Concordia skipper claims ship was 30 seconds from avoiding disaster

Costa Concordia's captain Francesco Schettino arrives at his trial in a local theatre in Grosseto on Dec 2, 2014. The Italian ex-captain of the doomed Costa Concordia claimed at his manslaughter trial on Saturday that "with 30 more seconds" - an
Costa Concordia's captain Francesco Schettino arrives at his trial in a local theatre in Grosseto on Dec 2, 2014. The Italian ex-captain of the doomed Costa Concordia claimed at his manslaughter trial on Saturday that "with 30 more seconds" - and warning from his crew - the cruise ship's deadly crash could have been averted. -- PHOTO: AFP

ROME (AFP) - The Italian ex-captain of the doomed Costa Concordia claimed at his manslaughter trial on Saturday that "with 30 more seconds" - and warning from his crew - the cruise ship's deadly crash could have been averted.

"We almost managed to avoid the rock. Imagine what could have been done with only 30 more seconds, if I had been given all the data," he said, according to Italian daily Il Tirreno.

Thirty-two people lost their lives when the cruise ship sank off Italy's coast in January 2012, which subsequently resulted in charges of manslaughter, abandoning ship against Francesco Schettino.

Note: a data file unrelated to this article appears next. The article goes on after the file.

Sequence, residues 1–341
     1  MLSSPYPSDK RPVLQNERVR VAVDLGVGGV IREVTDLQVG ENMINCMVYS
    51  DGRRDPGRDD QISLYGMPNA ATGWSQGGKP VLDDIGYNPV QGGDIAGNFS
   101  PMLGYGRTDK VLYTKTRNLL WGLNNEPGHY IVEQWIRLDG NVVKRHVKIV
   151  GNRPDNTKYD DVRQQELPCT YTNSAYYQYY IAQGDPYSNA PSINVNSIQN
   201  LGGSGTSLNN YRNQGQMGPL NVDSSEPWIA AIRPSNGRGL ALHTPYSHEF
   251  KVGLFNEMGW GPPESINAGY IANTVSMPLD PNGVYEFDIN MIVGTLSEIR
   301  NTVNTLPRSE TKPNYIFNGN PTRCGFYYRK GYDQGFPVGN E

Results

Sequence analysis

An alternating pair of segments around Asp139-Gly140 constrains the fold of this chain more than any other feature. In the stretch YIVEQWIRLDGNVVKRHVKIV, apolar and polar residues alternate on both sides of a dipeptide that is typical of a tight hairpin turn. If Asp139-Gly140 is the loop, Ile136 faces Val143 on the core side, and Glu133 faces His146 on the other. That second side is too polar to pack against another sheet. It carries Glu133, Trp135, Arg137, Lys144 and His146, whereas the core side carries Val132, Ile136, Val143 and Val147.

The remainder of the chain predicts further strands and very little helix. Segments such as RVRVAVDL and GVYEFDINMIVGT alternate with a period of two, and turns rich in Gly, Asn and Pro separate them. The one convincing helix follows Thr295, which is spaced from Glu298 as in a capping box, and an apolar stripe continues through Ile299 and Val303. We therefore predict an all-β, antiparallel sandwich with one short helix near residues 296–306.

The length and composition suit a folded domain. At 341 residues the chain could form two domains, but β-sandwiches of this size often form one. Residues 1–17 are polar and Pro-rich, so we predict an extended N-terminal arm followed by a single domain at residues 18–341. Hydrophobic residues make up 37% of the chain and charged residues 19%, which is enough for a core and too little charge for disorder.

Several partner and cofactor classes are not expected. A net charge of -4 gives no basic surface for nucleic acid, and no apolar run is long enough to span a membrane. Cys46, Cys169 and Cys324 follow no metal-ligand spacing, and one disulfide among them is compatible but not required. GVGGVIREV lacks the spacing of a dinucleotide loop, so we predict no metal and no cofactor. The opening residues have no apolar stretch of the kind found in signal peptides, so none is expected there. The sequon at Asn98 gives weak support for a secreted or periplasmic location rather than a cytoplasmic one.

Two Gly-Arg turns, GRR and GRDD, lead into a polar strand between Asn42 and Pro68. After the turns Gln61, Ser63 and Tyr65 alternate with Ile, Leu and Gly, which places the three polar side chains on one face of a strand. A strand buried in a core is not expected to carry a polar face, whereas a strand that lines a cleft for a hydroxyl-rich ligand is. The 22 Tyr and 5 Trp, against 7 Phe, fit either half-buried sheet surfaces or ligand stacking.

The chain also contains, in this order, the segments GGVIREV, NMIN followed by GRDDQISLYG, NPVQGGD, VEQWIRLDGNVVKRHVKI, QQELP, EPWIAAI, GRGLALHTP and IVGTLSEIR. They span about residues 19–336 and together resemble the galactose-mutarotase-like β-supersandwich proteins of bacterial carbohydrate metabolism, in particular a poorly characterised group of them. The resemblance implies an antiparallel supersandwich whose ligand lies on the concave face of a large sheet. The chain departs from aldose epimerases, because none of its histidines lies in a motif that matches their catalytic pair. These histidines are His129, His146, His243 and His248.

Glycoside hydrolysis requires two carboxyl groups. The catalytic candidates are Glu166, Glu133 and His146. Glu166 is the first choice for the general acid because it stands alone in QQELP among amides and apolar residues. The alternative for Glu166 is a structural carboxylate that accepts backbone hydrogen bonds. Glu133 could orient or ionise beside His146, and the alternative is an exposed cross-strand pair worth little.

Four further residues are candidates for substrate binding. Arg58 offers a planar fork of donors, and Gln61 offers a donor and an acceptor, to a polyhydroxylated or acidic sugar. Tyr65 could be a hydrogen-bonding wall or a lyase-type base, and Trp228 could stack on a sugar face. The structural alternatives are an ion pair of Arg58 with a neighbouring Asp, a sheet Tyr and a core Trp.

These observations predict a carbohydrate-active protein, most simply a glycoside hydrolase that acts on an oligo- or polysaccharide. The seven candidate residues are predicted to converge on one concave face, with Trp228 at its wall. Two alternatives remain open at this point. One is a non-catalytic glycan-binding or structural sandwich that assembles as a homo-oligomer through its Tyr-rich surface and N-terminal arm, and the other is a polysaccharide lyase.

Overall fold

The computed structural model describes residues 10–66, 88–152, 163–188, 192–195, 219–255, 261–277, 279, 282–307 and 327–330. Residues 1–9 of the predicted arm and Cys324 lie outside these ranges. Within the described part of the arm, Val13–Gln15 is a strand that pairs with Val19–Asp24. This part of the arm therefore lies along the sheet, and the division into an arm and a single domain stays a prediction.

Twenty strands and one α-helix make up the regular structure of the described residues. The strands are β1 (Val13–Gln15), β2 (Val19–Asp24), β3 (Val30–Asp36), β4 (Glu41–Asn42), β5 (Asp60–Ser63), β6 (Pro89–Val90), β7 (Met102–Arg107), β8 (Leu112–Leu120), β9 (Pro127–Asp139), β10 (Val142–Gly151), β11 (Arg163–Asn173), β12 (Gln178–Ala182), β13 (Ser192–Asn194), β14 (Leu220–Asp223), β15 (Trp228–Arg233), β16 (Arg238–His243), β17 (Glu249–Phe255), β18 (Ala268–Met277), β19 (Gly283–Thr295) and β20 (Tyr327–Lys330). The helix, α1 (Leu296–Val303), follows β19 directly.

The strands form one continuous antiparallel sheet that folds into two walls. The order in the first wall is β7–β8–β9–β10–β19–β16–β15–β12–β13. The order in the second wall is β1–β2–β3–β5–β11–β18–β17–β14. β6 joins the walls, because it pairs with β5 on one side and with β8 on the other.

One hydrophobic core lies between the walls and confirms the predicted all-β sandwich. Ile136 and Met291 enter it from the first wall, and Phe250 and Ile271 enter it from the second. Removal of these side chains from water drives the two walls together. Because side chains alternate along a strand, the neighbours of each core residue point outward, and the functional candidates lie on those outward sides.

If convicted, he faces up to 20 years behind bars.

During his questioning, the ex-captain pinned most of the blame for the disaster on his crew, who he claimed didn't provide him with the necessary information in time as the ship bore down on the island of Giglio.

"I am willing to take one part of the responsibility, but only one part," he said.

The Concordia, twice the size of the Titanic, was moving at a brisk 16 knots and had 4,229 people from 70 countries on board when it struck the rocks.

It hull pierced below the waterline on impact, the giant vessel slowly lumbered one way, then the other before finally sinking and settling, half-submerged on the sea-bed.